Plan Change 54: Papakāinga
We’re proposing some new rules to better enable Papakāinga development in Matamata-Piako, and we want to know what you think.
The Papakāinga Plan Change (PC 54) seeks to include new rules that enable quality papakāinga development that supports the social, cultural and economic wellbeing of tangata whenua.
One of the key aspects of the Plan Change is the creation of a new zone called the Māori Purpose Zone. The Māori Purpose Zone is proposed to have two separate precincts.
Precinct 1 - Papakāinga Tahi
Sites that are proposed to be re-zoned as Papakāinga Tahi (MPZ-PREC1) have existing marae and directly adjoining Māori freehold blocks. The MPZ-PREC1 will provide the most enabling provisions for papakāinga by:
- Increasing housing density in comparison to rural zoning by proposing one residential unit per 5000m2 of site area, up to a maximum of 10 residential units; and
- Establishment of home businesses and small-scale community facilities, education facilities, healthcare facilities, urupa, relocatable buildings and accessory buildings.
Precinct 2 - Papakāinga Rua
Sites that are proposed to be rezoned as Papakāinga Rua (MPZ-PREC2) have existing papakāinga. These sites are connected to Council services and therefore have the ability to provide for further housing, subject to maintaining appropriate standards of amenity. Please refer to the maps of ‘Rukumoana Road’ and ‘Raungaiti Marae’ to view these sites.
These sites will be able to build one house per 500m2 of site area, if they are under the title of:
- Māori Freehold land; or
- A legal mechanism is put in place to ensure the land will be maintained in whanau ownership in perpetuity.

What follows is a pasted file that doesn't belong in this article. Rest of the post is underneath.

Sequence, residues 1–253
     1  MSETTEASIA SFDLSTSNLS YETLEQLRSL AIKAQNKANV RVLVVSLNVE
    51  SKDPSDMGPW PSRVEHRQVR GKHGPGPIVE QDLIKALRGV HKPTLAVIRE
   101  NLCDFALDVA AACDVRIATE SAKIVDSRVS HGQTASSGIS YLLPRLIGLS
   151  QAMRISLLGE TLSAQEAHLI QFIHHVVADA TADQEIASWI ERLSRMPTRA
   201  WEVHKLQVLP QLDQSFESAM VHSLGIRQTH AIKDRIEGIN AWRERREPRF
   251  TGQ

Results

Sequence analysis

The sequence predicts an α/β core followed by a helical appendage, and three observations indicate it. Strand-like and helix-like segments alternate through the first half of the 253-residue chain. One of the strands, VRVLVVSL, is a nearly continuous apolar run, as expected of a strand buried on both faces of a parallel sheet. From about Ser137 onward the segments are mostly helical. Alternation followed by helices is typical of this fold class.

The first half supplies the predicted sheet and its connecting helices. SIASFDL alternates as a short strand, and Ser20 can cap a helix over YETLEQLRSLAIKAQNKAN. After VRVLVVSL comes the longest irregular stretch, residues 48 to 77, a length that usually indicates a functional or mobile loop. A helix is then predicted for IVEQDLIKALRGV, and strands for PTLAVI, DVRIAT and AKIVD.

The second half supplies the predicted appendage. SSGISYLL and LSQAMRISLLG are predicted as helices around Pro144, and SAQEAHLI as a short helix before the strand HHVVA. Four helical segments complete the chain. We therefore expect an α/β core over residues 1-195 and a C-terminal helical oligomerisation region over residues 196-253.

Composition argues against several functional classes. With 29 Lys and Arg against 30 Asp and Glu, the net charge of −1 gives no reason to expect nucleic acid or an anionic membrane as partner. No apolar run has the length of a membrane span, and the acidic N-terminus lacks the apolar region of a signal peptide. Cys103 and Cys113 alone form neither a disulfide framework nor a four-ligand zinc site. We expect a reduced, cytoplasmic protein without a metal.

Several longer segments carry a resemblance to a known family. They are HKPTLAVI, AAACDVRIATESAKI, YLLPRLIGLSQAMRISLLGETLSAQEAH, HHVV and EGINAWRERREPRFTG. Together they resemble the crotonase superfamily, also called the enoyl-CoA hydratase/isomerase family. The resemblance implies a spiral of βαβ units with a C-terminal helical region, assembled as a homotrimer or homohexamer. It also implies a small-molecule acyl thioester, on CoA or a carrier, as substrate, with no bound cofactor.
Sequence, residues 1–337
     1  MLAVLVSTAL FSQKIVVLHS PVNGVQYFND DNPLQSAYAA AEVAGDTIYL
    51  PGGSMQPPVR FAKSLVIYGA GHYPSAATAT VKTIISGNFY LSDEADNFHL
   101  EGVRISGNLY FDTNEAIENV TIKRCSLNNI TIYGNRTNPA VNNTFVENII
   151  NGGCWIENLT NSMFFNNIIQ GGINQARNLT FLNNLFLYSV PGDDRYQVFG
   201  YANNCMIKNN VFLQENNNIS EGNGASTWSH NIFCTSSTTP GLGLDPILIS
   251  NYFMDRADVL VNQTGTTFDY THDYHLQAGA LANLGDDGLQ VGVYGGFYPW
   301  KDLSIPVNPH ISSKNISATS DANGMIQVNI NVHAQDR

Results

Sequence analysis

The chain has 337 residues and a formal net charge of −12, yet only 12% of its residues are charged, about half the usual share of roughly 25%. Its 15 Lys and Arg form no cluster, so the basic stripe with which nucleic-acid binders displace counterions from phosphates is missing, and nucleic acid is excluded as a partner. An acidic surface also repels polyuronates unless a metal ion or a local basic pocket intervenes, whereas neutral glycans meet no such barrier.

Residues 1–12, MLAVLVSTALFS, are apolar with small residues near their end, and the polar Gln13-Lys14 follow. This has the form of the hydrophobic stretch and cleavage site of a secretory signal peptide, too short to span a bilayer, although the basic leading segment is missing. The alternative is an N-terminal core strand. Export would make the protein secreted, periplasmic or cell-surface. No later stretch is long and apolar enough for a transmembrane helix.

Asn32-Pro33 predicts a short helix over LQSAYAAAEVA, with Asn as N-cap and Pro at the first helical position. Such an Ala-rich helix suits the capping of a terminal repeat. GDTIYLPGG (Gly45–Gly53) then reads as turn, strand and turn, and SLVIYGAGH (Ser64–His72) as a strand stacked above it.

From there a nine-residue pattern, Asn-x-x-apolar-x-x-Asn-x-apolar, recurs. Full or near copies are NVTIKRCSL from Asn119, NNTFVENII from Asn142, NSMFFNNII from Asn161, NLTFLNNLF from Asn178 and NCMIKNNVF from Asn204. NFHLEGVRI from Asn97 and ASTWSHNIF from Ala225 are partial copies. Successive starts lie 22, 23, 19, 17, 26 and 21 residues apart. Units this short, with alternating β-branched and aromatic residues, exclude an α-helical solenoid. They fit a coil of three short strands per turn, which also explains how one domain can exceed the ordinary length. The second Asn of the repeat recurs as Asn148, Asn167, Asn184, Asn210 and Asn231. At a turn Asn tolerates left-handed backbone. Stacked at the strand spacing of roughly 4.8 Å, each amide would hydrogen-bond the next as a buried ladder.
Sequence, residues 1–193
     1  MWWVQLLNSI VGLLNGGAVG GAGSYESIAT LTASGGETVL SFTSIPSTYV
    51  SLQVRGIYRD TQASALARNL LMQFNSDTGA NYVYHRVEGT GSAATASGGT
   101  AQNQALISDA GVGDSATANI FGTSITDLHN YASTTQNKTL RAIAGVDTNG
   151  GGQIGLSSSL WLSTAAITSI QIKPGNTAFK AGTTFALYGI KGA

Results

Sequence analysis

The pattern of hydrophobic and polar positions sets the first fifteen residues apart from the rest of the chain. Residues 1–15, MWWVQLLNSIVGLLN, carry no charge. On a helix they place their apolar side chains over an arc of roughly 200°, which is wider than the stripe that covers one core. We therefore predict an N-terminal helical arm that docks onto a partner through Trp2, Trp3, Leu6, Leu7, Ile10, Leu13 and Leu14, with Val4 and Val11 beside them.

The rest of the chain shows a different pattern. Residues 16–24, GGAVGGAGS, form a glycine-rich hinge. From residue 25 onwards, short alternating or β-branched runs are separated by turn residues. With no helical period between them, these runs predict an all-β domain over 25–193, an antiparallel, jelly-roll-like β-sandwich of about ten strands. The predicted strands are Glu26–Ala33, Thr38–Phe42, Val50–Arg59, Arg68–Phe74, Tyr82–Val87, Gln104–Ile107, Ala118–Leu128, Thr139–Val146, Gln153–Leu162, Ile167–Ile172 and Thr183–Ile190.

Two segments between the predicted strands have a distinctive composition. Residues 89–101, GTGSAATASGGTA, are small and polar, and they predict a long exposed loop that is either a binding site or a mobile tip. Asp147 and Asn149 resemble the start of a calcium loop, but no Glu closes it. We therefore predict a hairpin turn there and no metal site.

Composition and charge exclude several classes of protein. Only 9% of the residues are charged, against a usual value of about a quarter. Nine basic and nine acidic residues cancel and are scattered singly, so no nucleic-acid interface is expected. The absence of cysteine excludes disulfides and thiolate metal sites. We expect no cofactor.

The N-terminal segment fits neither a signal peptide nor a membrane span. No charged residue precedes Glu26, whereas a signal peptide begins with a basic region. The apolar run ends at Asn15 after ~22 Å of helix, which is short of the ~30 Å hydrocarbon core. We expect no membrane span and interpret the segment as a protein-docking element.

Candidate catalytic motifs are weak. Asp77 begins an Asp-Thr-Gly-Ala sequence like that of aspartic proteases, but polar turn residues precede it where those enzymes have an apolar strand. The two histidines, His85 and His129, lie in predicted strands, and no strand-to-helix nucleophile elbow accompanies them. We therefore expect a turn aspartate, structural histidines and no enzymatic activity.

District Wide Provisions
For sites that are not included in the new Māori Purpose Zone, we are including provisions that will enable papakāinga development on Māori Freehold Land, General Land owned by Māori (if it can be demonstrated there is an ancestral connection and a legal mechanism in place to ensure the land is maintained in whanau ownership in perpetuity), and Treaty Settlement Land in the Rural and Rural-Residential Zone.
Just like any development on private property, the cost to develop falls on the property owners. Council, through the District Plan, sets the guidelines for papakāinga and how the district can develop and grow, but does not contribute to the development costs. It will be up to the landowners to decide if/when they wish to develop papakāinga on their land, and to fund the development. There are national funds available that may assist to establish papakāinga.
Notification of Summary of Submissions
The notification of Summary of Submissions phase opened 4 April 2023 and closed 4.30pm, Wednesday 26 April 2023
During the Summary of Submissions phase we received a total of 3 Further Submissions from 2 parties. You can view these below:
Re-Notification of Plan Change
We first advertised Plan Change 54 - Papakāinga in November 2022, then we discovered an error on our website (we had published the earlier version by mistake), which meant we had to withdraw the plan change. Now we're advertising it again - with the correct information listed below.